Risk governance


KBC’s risk governance model is characterised primarily by:

  • the Board of Directors, assisted by the Risk and Compliance (RRC) Committee, which sets the risk appetite each year, monitors risks and proposes action, where necessary.
  • an integrated architecture centred around the Executive Committee that links risk appetite, strategy and performance goal setting.
  • the Risk Management Committee and activity-based risk committees mandated by the Group Executive Committee.
  • risk-aware business people, who act as the first line of defence for conducting sound risk management in the group.
  • a single, independent risk function that comprises the Group Chief Risk Officer (CRO), local CROs, local risk functions and the group risk function. The risk function (together with the compliance function) acts as the second line of defence, while Internal Audit is the third line.

Risk management information

The business of bancassurance is exposed to a number of typical risks, such as credit risk, market risk , liquidity risk , technical insurance risk, operational risk and other non-financial risks. Controlling all these risks is one of the most crucial tasks of management.

More information on risk management can be found in:


Most material sector-specific risks

Sector-specific risks How are we addressing them? Reference in the 2021 annual report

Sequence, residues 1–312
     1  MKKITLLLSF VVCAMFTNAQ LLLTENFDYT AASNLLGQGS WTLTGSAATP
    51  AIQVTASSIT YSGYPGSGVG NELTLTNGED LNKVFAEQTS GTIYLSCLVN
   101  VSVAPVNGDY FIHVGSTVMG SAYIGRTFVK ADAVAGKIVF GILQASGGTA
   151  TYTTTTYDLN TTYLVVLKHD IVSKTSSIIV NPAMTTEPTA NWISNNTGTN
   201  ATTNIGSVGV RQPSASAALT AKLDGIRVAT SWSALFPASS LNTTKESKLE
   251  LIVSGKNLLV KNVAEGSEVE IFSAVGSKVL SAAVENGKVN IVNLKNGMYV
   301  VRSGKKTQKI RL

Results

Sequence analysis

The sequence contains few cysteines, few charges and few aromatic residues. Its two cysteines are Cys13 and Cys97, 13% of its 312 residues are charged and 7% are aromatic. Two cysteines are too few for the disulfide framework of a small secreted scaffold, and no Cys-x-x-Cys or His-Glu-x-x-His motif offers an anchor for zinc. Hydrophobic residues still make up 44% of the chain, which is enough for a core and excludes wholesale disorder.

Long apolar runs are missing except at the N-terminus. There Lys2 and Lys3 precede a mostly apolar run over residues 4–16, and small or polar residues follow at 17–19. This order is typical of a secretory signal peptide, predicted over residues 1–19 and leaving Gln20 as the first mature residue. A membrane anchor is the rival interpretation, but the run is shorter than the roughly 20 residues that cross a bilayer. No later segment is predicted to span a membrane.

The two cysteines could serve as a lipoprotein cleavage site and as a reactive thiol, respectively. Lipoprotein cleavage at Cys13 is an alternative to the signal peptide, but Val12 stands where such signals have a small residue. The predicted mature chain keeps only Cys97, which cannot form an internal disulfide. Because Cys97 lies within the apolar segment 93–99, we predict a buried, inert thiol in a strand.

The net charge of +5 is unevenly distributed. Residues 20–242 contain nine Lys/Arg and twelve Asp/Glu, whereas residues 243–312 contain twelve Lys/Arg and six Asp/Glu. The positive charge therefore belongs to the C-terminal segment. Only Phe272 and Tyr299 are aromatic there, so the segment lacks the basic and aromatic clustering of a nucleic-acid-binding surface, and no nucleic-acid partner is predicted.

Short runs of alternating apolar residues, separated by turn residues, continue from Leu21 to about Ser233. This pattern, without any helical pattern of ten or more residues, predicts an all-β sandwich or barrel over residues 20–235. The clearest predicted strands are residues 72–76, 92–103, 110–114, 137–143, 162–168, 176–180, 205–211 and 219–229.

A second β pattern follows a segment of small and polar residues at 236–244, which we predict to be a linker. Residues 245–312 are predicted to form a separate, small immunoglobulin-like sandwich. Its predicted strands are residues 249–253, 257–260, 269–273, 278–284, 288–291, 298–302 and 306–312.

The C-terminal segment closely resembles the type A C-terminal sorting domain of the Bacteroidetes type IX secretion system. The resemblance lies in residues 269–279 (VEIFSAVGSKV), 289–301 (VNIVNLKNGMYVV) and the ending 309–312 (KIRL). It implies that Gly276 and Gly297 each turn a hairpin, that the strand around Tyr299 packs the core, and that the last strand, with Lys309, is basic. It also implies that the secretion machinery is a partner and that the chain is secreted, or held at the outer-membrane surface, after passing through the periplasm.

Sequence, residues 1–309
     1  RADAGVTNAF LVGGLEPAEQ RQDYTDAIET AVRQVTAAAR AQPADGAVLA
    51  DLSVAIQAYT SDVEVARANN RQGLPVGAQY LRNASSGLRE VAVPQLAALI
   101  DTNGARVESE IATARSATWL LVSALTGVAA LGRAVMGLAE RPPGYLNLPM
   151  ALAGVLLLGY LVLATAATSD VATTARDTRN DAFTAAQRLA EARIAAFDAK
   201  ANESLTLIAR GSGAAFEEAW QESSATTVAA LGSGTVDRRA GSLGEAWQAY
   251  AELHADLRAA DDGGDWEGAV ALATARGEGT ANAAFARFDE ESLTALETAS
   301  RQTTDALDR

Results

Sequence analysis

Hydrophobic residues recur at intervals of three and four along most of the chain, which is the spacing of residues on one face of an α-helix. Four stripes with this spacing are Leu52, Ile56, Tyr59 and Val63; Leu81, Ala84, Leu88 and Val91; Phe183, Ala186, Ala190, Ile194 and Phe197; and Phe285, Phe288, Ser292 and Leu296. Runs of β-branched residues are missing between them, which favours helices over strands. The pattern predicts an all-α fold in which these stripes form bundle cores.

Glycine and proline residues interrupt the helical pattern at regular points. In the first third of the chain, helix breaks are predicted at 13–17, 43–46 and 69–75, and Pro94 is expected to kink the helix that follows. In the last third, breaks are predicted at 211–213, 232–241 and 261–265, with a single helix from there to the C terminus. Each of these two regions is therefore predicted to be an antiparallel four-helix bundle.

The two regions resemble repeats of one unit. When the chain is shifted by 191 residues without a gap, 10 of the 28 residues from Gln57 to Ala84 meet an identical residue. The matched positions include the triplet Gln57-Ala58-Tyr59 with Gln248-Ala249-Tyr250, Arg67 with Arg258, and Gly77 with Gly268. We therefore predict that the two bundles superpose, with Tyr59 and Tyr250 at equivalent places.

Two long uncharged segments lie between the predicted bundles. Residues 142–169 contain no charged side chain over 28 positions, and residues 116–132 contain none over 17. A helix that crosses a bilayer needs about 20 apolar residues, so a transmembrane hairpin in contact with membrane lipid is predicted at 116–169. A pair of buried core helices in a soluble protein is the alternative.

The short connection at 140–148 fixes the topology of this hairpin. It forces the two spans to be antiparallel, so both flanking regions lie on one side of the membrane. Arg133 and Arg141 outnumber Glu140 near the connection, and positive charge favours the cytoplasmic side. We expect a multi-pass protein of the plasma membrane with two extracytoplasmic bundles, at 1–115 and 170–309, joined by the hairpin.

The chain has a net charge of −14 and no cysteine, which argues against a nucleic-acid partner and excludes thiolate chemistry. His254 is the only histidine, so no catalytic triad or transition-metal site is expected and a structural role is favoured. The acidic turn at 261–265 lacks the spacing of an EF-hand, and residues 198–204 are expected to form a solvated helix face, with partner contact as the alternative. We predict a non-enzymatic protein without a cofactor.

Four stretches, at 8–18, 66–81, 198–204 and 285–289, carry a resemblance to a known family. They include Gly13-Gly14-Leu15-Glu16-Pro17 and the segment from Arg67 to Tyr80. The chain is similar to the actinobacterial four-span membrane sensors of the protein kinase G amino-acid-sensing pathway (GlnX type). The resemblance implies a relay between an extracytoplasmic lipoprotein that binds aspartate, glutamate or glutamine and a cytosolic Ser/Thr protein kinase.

Credit risk

  • Existence of a robust management framework
  • Recording impairment charges, taking risk-mitigating measures, optimising the overall credit risk profile, reporting, stress testing, etc.
  • Limit systems to manage concentration risk in the loan portfolio, etc.
p. 99-111
Market risk in non-trading activities
  • Existence of a robust management framework
  • Basis Point Value (BPV), sensitivity of net interest income, sensitivity per risk type, stress tests, limit tracking for crucial indicators, etc.
p. 112-121
Non-financial risk (operational risk, compliance risk, reputational risk, business risk, strategic risk)
  • Existence of a robust management framework
  • Group key controls, risk scans, Key Risk Indicators (KRIs), etc.
  • Risk scans and monitoring of risk signals
  • Strict acceptance policy, stress tests, monitoring, etc.


p. 122-128
Market risk in trading activities
  • Existence of a robust management framework
  • Historical VaR method, BPV and basis risk limits, ‘greeks’ and scenario limits for products with options, stress tests, etc.
p. 129-131

Liquidity risk

  • Existence of a robust management framework
  • Drawing up and testing emergency plans for managing a liquidity crisis
  • Liquidity stress tests, management of funding structure, etc
p. 132-134
Technical insurance risks
  • Existence of a robust management framework
  • Underwriting, pricing, claims reserving, reinsurance and claims handling policies, etc.
p. 135-137
Climate-related and other ESG risks
  • Gradual integration in existing management frameworks
  • Ongoing initiatives within the Sustainable Finance programme
  • Implementation of risk-mitigating measures, including policies on lending and investment portfolio
  • Estimation of short and long-term risks based on scenario and sensitivity analyses, etc.
p. 138-144

Last update: 17-03-2021